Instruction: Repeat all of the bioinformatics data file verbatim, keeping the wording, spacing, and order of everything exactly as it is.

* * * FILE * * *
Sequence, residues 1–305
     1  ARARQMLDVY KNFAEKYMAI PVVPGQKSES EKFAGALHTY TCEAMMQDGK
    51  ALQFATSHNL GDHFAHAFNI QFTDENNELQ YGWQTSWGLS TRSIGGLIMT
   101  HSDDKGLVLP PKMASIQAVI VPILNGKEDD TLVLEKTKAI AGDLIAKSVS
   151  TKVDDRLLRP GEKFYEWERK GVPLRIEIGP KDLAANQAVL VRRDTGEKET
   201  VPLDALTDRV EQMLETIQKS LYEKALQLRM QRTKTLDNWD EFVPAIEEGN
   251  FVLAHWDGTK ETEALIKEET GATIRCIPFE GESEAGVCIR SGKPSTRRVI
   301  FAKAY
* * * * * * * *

Sequence, residues 1–305
     1  ARARQMLDVY KNFAEKYMAI PVVPGQKSES EKFAGALHTY TCEAMMQDGK
    51  ALQFATSHNL GDHFAHAFNI QFTDENNELQ YGWQTSWGLS TRSIGGLIMT
   101  HSDDKGLVLP PKMASIQAVI VPILNGKEDD TLVLEKTKAI AGDLIAKSVS
   151  TKVDDRLLRP GEKFYEWERK GVPLRIEIGP KDLAANQAVL VRRDTGEKET
   201  VPLDALTDRV EQMLETIQKS LYEKALQLRM QRTKTLDNWD EFVPAIEEGN
   251  FVLAHWDGTK ETEALIKEET GATIRCIPFE GESEAGVCIR SGKPSTRRVI
   301  FAKAY